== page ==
The list begins with a reservation for Walter de Maria’s LIGHTENING FIELD in New Mexico, on to the Great Salt Lake for Smithton’s SPIRAL JETTY, and then Heizer’s DOUBLE NEGATIVE in Nevada. It makes sense to mix in National Parks, roadside oddities, and whatever else turns up in my research.
Looking forward to further inspiration at the LACMA exhibition of the historic Dwan Gallery, which opens March 19th. Virginia Dwan was a key supporter of these projects, and many others.
I was chomping at the bit to get on the road, but had to wrap up some client things. I wanted as much freedom and impulse as possible, so I only had my reservation for The Lightening Field on May 9th. I booked that on February 1st at 5am. Waiting those 5 hours past the reservation opening meant I barely got in.
I was sure that whoever else got up to make a reservation for the cabin would be interesting; some sort of Art Fanatic, for sure.
It has been 5 years since my last vacation. I hope I never wait that long again. Thanks to Yelp and the Priceline App I was able to travel well, never booking a room or campsite more than a day or two in advance. My first two nights at the painfully hip Moxy Hotel in Phoenix were at a 72% discount. It was strategically located near a James Turrell Skyspace that I hadn’t seen before.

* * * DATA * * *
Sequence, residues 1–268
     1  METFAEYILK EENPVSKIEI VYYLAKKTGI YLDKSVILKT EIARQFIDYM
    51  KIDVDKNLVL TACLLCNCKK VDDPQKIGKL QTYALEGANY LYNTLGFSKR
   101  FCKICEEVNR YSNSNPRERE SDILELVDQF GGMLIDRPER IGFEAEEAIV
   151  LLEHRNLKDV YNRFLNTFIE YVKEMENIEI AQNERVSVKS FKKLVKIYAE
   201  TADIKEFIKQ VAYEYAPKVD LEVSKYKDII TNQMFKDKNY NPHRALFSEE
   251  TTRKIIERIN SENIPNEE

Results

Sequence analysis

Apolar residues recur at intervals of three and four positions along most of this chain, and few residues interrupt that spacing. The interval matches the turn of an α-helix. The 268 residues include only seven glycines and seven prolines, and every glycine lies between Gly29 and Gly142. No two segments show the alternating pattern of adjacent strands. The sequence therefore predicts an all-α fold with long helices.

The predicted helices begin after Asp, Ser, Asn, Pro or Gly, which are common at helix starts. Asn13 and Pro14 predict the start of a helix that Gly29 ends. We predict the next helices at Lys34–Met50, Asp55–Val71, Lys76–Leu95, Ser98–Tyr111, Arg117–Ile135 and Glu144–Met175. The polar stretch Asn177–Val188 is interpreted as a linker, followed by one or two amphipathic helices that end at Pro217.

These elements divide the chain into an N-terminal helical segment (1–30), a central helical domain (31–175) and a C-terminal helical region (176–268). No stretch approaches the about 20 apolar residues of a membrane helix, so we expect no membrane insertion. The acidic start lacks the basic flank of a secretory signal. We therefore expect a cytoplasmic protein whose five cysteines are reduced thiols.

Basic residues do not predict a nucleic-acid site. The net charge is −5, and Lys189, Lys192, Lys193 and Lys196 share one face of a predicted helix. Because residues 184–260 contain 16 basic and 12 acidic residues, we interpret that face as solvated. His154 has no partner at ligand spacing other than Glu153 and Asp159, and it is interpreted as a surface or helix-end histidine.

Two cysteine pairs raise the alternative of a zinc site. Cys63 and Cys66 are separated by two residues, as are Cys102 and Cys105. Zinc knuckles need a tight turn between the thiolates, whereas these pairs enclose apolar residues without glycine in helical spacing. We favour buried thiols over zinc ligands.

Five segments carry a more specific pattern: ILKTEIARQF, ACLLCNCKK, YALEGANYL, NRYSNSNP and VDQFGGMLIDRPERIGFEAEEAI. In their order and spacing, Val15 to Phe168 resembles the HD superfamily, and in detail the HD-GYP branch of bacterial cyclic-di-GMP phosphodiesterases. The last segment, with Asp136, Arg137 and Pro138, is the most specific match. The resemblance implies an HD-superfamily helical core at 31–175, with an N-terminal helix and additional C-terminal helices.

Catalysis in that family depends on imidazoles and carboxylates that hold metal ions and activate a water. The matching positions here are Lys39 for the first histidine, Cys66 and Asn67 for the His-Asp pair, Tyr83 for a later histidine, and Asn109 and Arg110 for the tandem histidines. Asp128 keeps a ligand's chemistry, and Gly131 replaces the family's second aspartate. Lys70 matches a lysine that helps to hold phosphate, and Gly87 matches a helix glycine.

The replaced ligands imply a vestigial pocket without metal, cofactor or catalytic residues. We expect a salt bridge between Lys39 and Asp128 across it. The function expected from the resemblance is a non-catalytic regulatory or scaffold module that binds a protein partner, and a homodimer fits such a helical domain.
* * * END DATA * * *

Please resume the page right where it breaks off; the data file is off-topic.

Turns out I had the Air Apparent (even geniuses making awful puns) all to myself, and it was a quarter mile from the Moxy. Arriving at dusk the stone/metal perimeter bench was surprisingly comfy. I liked the detailing of this site specific artwork, and I think much of that was due to the aesthetic of a brilliant Arizona architecture, Will Bruder.
With regard to creative energy, respect that it comes and goes. In a way, I think it is good to not try to be to disciplined. In times when we need peace, or have a lot going on in other parts of life, it is important to have faith the urges to make / write things will always return. (Once in my 20’s I got a Fortune Cookie that read, “Art is your Fate; don’t Debate.”)
It’s like these floating Kelp leaves, the sea washes them this way, and that way, but they remained anchored to the floor of the sea, with their poetically named “Holdfast.” The base keeps them stable, but the plant grows. In prime conditions they can grow an astonishing two feet per day.